Kauai may only have nine golf courses, but with layouts like the Prince Course at Princeville Resort and Poipu Bay, this little island can compete with anything on Hawaii.
KAUAI, HAWAII - Visit the second most westerly Hawaiian island of Kauai and it's easy to discover why this remote island known as the "Garden Isle" is one of a kind.
Its towering green mountainsides and small, picturesque beaches make for an idyllic setting for Hollywood films. It's home to one of the wettest spots on Earth, Mount Wai'ale'ale - yet just miles away its coastlines are sunny and temperate all year long. The island sees a fraction of the traffic and build up of Oahu and Maui - allowing guests and locals alike to find their own ray of paradise.
One of Hawaii's smallest islands has a sterling reputation.
"Kauai has always been the special island," says Matt Torry, head professional at the island's Kiahuna Golf Course. He's spent 16 of his 22 years in Hawaii on Kauai. "It's the oldest of the islands and has the most unique indigenous plants."
Torry smiles. "And there's no mongoose."
Who could forget the mongoose? The pests that inhabit Oahu and the Big Island won't be found on Kauai. But no mongoose also means wild roosters and chicken, whose forbearers were freed from their coups after Hurricane Iniki in 1992, go largely unchecked. One thing's for sure: You're not going to sleep through your morning tee time.
But you won't curse the roosters for their morning wake-up call, because an hour in bed feels like time wasted. Kauai is a "do" - not "see" - island, where the assistant pro who just checked you in at the Prince Course has snuck out on a long lunch to check the surf at nearby Hanalai beach. Locals and visitors alike head into the mountains for hiking, zip-lining and kayaking beneath waterfalls.
The island's natural wonder was revealed to the masses in Steven Spielberg's "Jurassic Park," though Hollywood has been a regular since Elvis Presley's day, when he shot three films here, including "Blue Hawaii."
So chances are you've probably seen plenty of Kauai, even if you didn't know it.
"My biggest mistake was waiting 25 years to go there," said Bob McIntosh, who celebrated his 25th wedding anniversary in Kauai and Maui. "Maui was also great, but for a genuine 'aloha' experience, include Kauai."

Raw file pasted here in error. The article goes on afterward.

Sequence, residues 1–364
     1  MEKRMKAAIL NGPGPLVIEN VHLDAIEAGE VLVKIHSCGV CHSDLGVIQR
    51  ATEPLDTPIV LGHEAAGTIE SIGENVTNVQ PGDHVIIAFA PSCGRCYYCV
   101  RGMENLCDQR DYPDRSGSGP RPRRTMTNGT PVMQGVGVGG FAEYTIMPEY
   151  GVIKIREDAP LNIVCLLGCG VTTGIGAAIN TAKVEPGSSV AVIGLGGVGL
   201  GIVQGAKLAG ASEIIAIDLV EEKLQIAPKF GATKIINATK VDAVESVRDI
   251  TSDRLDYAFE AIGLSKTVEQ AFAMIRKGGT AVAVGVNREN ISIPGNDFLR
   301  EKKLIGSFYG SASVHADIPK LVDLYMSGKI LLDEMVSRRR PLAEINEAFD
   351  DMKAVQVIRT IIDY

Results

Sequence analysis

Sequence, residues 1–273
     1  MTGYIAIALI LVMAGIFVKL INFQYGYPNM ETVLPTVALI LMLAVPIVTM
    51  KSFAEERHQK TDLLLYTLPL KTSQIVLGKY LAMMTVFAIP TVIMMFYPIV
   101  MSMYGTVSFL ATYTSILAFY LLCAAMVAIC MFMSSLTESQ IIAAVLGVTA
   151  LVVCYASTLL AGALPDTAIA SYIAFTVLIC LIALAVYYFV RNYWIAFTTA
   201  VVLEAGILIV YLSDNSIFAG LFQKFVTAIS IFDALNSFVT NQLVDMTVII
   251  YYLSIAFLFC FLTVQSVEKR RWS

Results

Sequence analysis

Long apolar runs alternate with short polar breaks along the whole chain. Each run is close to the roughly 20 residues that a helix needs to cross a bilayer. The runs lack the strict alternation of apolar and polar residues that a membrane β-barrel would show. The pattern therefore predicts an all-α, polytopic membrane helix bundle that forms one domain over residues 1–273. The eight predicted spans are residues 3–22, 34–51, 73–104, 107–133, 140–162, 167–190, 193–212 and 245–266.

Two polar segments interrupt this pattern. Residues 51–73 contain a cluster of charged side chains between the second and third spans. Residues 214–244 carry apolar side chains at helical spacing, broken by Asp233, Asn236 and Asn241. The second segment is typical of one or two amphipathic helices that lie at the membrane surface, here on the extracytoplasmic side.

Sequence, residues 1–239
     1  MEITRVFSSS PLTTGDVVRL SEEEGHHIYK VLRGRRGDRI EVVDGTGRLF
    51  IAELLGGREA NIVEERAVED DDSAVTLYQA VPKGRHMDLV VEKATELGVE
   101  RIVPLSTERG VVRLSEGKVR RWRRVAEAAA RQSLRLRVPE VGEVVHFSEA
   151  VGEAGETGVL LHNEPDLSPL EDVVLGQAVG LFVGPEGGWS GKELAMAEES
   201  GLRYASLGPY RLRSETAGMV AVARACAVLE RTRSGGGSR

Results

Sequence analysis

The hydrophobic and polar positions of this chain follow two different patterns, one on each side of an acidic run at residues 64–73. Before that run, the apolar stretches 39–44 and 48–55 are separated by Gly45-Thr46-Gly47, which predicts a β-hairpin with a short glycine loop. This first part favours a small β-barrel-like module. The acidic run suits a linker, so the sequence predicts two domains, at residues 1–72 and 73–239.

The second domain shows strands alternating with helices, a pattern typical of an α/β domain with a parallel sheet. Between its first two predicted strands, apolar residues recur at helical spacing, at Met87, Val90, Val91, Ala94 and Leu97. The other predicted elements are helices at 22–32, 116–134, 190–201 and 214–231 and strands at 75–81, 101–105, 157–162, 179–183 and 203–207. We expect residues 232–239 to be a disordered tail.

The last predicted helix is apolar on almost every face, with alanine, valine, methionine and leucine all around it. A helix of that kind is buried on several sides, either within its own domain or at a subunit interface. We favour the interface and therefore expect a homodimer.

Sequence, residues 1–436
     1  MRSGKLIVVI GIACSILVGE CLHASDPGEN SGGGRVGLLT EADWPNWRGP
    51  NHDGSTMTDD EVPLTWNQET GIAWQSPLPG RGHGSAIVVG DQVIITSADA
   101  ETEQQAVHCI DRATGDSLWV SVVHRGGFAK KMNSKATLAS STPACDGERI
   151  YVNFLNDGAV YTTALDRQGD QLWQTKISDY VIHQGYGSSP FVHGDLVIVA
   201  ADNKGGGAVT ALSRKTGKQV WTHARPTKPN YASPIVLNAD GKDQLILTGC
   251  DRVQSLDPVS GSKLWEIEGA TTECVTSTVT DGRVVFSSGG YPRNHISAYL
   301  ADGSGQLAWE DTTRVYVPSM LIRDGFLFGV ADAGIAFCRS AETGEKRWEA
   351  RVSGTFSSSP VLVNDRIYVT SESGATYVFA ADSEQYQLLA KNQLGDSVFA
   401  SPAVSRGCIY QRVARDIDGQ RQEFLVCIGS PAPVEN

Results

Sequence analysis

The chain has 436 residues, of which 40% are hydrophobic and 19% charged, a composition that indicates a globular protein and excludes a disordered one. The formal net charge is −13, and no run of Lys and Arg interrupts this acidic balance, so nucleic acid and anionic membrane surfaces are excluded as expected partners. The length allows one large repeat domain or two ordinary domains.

For having only nine golf courses, Kauai greatly overachieves in quality; its top courses can hold their own with any on the Hawaiian Islands. A bonus: it's so small you can see each of Kauai's courses on one trip.
And that's a good thing, because no single course is a supreme favorite here. Each member of your group may come home with his or her own darling.
On the North Shore, the Prince Course at the Princeville Resort is often the highest rated by many publications, thanks to a stern Robert Trent Jones Jr. layout set high above the coastline through lush mountainsides. The Prince is undisputedly the most challenging on Kauai, though six sets of tees let players select their preferred mix of pain and pleasure.
Most mid-to-high handicappers are likely to favor Princeville's next door 27-hole Makai Course. It's a more user-friendly design and features more holes along the coastline, including the oft-photographed par-3 seventh.
Like the Prince, it's a Robert Trent Jones Jr. design but an entirely different animal. It features more forgiving fairways and greens along with coastal views at every turn. The final stretch of holes plays right along the coast, giving you the added advantage of having the often fierce trade winds at your back.
Next door's Pacific-themed Grand Hyatt Resort lives up to the course's lofty standard and is ideal for stay-and-play. Its 50 acres are full of tropical vegetation, lagoon-style pools and restaurants that soak in the island vibe.
Nearby Kiahuna Golf Club is worth a look while in Poipu Bay, offering a links-style course just off the ocean that plays firm and fast thanks to new Seashore paspalum grass.
Just up the road from Poipu Bay is Lihue on the East Shore, Kauai's largest town at about 10,000 residents. Here, the Marriott Kauai Lagoons Resort & Spa is overseeing a massive renovation project that will include a brand new Ritz-Carlton Resort to compliment the existing property. The Kiele course's back nine, which features some of the island's most dramatic coastal holes, will reopen in 2009.
Golfers can also head just up the road from Kauai Lagoons to Puakea Golf Course. It's designed by Hawaii native Robin Nelson and features two generations of holes: the original 10, built prior to Hurricane Iniki, and the more recent holes that make up most of the front side. The back nine is a real treat, with Mount Wai'ale'ale looming behind.
Kauai is only going to get better. Along with Kauai Lagoons' current renovations, the Princeville Resort is set to close later this year for massive renovations and reopen as a St. Regis Resort; its Makai course will be upgraded. A new Tom Weiskopf-designed golf course is also in development.
So the island beauty of Kauai is a secret that's certainly getting out - though the mongoose are still in the dark.
April 17, 2008